The Ericsson results closely match our experience using VectaStar at 28GHz to backhaul a small cell network for O2 in London.

It seems then, that we can extend the use of high frequency microwave solutions even further into the adverse location part of the small cell distribution curve. 

This is great news for operators because multipoint microwave solutions offer compelling TCO benefits, resilience and solution maturity combined with capacity that far outstrips sub-6GHz systems.

We’ll return to this topic in a couple of weeks when we’ll see how multipoint microwave lets us exploit the statistical properties of backhaul traffic to maximise efficiency in our backhaul network.

Published 20 March 2013 in 5G FWA, Small cells
Tags: Small cells, Small Cell Forum, Latency, NGMN
 Julius Robson, Wireless Technology Specialist, CBNL

Julius Robson, Wireless Technology Specialist, CBNL

 Julius Robson, Wireless Technology Specialist, CBNL

The Small Cell Forum has just published Release One, the first in a series which aim to provide “all you need to know” packages to help operators deploy small cells, and for solution providers to understand technology trends and requirements.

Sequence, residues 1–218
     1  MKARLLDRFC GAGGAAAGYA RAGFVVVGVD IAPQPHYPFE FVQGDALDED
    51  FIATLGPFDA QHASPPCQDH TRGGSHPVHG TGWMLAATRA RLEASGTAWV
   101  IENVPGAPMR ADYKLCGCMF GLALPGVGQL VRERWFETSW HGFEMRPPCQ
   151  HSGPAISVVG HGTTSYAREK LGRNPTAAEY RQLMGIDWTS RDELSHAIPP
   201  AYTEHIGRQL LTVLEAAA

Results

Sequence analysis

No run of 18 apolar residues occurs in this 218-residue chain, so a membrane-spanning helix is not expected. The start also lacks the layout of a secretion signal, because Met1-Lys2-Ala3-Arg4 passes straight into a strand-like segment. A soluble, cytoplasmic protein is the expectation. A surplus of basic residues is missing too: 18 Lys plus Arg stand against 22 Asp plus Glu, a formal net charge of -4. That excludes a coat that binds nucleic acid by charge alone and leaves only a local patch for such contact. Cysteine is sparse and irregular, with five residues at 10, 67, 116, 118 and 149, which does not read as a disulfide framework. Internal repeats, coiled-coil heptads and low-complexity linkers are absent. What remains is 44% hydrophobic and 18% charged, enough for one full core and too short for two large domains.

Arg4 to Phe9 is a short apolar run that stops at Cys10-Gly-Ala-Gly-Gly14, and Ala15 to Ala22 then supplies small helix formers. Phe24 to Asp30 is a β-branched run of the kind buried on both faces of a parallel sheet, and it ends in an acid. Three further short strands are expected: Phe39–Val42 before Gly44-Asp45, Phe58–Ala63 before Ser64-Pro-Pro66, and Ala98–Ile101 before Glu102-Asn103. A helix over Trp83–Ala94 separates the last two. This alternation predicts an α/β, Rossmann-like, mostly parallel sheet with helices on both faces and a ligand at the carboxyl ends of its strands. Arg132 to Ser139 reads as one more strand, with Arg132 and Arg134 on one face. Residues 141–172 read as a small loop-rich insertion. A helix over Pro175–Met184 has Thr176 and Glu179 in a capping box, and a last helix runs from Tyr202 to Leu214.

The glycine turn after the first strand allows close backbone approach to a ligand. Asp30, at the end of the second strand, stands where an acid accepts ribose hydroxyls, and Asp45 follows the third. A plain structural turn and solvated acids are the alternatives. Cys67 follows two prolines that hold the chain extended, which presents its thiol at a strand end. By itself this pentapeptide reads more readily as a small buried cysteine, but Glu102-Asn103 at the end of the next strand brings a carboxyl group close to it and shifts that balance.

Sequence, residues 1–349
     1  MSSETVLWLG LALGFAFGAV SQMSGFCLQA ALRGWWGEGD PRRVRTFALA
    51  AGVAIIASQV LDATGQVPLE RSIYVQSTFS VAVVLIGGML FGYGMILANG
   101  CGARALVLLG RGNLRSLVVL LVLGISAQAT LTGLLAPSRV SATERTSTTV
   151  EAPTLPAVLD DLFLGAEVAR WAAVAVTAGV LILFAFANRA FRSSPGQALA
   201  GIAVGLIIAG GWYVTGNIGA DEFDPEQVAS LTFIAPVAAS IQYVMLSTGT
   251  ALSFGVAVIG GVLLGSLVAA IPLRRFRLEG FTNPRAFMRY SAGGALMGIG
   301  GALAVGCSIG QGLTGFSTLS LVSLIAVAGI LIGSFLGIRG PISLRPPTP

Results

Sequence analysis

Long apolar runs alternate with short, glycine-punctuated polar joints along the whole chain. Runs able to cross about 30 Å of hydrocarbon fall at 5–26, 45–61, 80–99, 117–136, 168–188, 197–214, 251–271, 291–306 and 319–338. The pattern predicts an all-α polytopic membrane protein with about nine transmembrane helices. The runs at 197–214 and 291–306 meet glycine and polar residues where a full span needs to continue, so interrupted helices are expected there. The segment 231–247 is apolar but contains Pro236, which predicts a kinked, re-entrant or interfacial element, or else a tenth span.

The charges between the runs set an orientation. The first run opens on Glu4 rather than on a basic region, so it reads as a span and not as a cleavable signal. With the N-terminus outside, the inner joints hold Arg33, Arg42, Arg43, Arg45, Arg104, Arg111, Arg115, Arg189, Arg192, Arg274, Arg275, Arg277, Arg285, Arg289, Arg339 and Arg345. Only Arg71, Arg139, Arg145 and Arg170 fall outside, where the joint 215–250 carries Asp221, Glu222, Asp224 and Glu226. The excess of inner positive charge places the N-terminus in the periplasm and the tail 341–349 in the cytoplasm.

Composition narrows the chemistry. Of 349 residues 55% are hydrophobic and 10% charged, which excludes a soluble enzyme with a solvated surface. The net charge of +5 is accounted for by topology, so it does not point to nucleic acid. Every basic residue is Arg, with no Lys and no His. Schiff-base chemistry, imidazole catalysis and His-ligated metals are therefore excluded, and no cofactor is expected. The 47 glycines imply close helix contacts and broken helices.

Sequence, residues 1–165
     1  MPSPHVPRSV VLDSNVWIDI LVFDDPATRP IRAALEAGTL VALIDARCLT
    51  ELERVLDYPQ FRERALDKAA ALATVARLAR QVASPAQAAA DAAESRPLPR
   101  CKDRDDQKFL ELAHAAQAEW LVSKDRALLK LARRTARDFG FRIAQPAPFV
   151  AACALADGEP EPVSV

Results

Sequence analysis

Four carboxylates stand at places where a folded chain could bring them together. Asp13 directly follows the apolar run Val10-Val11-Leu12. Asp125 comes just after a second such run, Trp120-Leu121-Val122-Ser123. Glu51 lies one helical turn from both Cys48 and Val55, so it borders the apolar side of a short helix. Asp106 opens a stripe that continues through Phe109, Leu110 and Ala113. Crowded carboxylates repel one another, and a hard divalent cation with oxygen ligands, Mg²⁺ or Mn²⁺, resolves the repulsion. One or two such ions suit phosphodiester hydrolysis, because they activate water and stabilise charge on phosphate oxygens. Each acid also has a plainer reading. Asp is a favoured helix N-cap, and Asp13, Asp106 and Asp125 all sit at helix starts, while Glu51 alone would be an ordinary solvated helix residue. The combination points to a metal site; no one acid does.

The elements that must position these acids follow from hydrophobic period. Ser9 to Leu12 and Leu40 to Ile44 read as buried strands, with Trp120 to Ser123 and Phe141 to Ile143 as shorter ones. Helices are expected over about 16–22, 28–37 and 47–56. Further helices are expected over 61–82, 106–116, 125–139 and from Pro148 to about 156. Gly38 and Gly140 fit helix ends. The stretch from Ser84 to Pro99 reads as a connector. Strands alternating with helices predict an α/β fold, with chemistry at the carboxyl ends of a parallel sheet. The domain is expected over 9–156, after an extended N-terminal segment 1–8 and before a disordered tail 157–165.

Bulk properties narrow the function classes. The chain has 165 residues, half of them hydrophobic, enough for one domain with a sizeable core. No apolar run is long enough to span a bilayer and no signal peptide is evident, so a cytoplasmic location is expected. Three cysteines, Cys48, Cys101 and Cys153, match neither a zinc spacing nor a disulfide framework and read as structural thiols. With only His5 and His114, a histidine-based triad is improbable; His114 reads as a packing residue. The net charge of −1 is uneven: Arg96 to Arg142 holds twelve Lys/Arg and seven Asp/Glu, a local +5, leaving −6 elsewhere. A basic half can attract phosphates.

Although the main focus of this first release is the ‘Home’ environment (i.e. residential femtocells), it does also cover other types of small cells, namely enterprise, rural and most importantly for us, metro. 

As Vice Chair of the SCF’s backhaul SIG, CBNL has been heavily involved with the compiling of the Forum’s Backhaul white paper, which covers use cases, requirements and an in-depth discussion of the different types of solutions. 

Being such a hot topic, there was intense interest and contribution from a wide range of viewpoints, so the paper has ended up being a weighty 80 page reference, rather than a brief overview. 

That said, the key message is quite clear: backhaul is not a barrier to small cell deployment. 

By looking in detail into the characteristics of the different wired and wireless solutions, it is found that used together, they can meet the needs for the different use cases envisaged.  

The work draws on the NGMN’s operator view of ‘Small Cell Backhaul Requirements’, and adds to this detailed descriptions of the different solution categories.